Sixty years later, in 1791, some antiquaries still identified the bronze head as belonging to Apollo. Sir Henry Charles Englefield, in his “Account of Antiquities discovered at Bath 1790,” read on 3 March 1791, described new excavations around the Roman temple, including the now-famous Gorgon’s Head pediment. He wrote: “This probably was a temple of the Corinthian order, dedicated to the deities who presided over the springs of Bath; and which an altar formerly dug up here, tells us were Apollo and Minerva. The ornaments in the pediment of the temple seem to refer to the latter divinity; while the fine bronze head formerly dug up near this spot, and now preserved in the town-hall, seems evidently to have belonged to a statue of the former” (Englefield 1792, 326-27). In 1799, though, in a letter to the SAL, Englefield identified the head as “probably” belonging to Minerva.
This 1799 letter accompanied a cast of the head, which Englefield made and gave to the SAL; the cast is now missing (LDSAL 39). Englefield also commented on the state of the original in this letter: “When first discovered, traces of ancient gilding appeared on it and from accurate inspection I am convinced that the gold still visible on the left cheek is a part of that gilding, for though it was new gilt some years ago, it must have been merely what is called water gilt, as it is now entirely taken off, and the ancient surface of the metal does not appear to have been injured” (SAL Minutes XXVII.358-59). We have no further evidence concerning the re-gilding of the head, but it must have seemed an appropriate measure to one of the curators in charge of it during the mid-eighteenth century.
Englefield wrote this in 1791, sometime after the posthumous publication of Gale’s “Tour through Several Parts of England” in which Gale identified the head as belonging to Minerva. Both the discovery of the bronze head in 1727 and excavations leading to the discovery of the temple of Minerva (its altar, façade, and location) in 1790 resulted from the extensive rebuilding of the city of Bath in order to improve its infrastructure for the ever-expanding numbers of fashionable visitors to the city. By 1813, according to Sweet, “a taste for British Roman antiquities had become fashionable amongst the social elite,” with a focus on prestigious objects like the bronze head. But brick architecture was another matter. “The baths and hypocaust sustem which were discovered...in 1755 provoked comparatively little attention from the antiquarian world: the Society of Antiquaries received reports from its member on the spot, Mr. Mundy, but no publication was forthcoming” (Sweet 2004, 184-185). An important fragment of a solid fluted shaft was found in 1879, allowing for a reconstruction of the temple’s plan (Cunliffe 1969, 11). Antiquarian and archaeological interest in Bath’s Roman remains continued in the twentieth century. According to Barry Cunliffe, who directed excavations in Bath from the 1960s through the 1980s, there is no doubt that Sulis Minerva was the presiding deity at this site. He says that “of the thirteen dedicatory inscriptions known, ten are to Sulis or Sulis Minerva” (1969, 4). The prevailing opinion now is that this gilded bronze head definitely belonged to a statue of Minerva, probably the main cult statue.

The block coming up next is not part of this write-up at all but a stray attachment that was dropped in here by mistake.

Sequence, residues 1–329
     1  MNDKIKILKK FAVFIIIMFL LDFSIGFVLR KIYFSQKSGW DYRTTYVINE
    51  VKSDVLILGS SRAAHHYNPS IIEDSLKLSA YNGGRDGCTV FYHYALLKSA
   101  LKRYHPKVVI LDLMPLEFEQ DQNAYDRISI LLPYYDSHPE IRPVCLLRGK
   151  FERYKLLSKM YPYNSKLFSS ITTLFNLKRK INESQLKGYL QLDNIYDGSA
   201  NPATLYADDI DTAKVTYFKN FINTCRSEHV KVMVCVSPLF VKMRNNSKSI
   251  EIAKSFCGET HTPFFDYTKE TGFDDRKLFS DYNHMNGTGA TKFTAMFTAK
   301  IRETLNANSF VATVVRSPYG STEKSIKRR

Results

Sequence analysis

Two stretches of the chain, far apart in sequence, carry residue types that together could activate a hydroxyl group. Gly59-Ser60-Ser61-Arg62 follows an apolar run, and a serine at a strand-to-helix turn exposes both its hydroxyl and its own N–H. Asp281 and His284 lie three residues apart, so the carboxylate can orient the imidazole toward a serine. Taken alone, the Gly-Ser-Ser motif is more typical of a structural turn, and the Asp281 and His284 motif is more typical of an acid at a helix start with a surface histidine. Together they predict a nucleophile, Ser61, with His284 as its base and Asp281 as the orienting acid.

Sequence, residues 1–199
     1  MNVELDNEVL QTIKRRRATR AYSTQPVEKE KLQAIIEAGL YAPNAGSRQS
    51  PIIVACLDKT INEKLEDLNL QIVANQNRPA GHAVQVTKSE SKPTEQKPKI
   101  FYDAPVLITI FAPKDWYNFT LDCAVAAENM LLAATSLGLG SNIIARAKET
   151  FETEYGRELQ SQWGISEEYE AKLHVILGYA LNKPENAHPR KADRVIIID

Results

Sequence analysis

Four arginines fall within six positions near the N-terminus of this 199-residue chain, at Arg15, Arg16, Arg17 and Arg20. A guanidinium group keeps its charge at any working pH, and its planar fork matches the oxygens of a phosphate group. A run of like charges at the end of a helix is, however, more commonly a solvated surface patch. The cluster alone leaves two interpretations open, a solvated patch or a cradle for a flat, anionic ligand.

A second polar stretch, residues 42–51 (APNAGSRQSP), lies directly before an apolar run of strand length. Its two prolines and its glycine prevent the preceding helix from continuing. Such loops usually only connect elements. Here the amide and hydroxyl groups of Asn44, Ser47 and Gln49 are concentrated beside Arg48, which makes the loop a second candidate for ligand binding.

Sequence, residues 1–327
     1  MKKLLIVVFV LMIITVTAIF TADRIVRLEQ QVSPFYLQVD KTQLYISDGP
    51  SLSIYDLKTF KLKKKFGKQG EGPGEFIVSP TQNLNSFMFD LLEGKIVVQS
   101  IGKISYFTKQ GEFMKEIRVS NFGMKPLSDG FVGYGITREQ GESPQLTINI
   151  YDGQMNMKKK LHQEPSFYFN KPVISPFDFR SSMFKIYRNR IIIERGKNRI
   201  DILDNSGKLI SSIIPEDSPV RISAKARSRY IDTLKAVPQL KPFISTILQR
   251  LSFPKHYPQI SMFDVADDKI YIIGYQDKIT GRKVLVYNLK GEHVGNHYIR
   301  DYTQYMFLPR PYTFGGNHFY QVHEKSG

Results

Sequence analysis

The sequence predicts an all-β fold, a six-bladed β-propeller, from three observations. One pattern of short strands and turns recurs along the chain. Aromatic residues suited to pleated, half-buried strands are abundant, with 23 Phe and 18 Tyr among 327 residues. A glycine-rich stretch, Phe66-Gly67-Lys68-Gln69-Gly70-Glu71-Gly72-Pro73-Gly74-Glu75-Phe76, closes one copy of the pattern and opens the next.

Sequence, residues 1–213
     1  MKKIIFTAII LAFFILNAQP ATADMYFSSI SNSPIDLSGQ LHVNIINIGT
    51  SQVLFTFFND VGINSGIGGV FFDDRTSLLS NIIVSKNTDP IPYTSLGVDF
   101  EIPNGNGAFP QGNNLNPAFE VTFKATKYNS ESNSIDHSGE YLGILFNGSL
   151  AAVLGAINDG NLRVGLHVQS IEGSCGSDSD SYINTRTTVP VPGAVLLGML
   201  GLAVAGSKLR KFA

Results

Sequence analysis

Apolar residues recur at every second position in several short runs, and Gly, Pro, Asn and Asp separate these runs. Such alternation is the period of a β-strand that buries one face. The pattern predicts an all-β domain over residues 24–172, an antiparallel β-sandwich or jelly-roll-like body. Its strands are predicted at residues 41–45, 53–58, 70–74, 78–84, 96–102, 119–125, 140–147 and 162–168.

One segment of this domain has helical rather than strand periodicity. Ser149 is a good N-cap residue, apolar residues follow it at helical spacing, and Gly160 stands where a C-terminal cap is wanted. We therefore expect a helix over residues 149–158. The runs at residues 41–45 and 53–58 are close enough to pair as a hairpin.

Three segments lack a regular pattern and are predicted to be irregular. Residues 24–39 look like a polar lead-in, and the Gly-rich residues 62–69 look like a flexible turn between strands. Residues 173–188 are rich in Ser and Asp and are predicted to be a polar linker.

The significance of the find for eighteenth-century antiquaries was quite different, however, as illustrated by Vertue’s print. The bust provided evidence that Greco-Roman bronze statuary—a rarity even on the classic ground of the Grand Tour—could be numbered among the “Brittish Antiquitys” to which the SAL dedicated its labors. At the same time, the appearance of the bust in the print (as in the drawings) is reminiscent of marble, creating a kinship between the head and the famous marble sculptures that inspired neoclassical accounts of ancient art. The resulting speculations on Roman religion, culture, and aesthetics by Gale, Stukeley, Clerk, and others reflect both the uniqueness of the find and the forms in which it circulated through antiquarian visual culture.
: “Brass” and “bronze” were used interchangeably in the eighteenth century.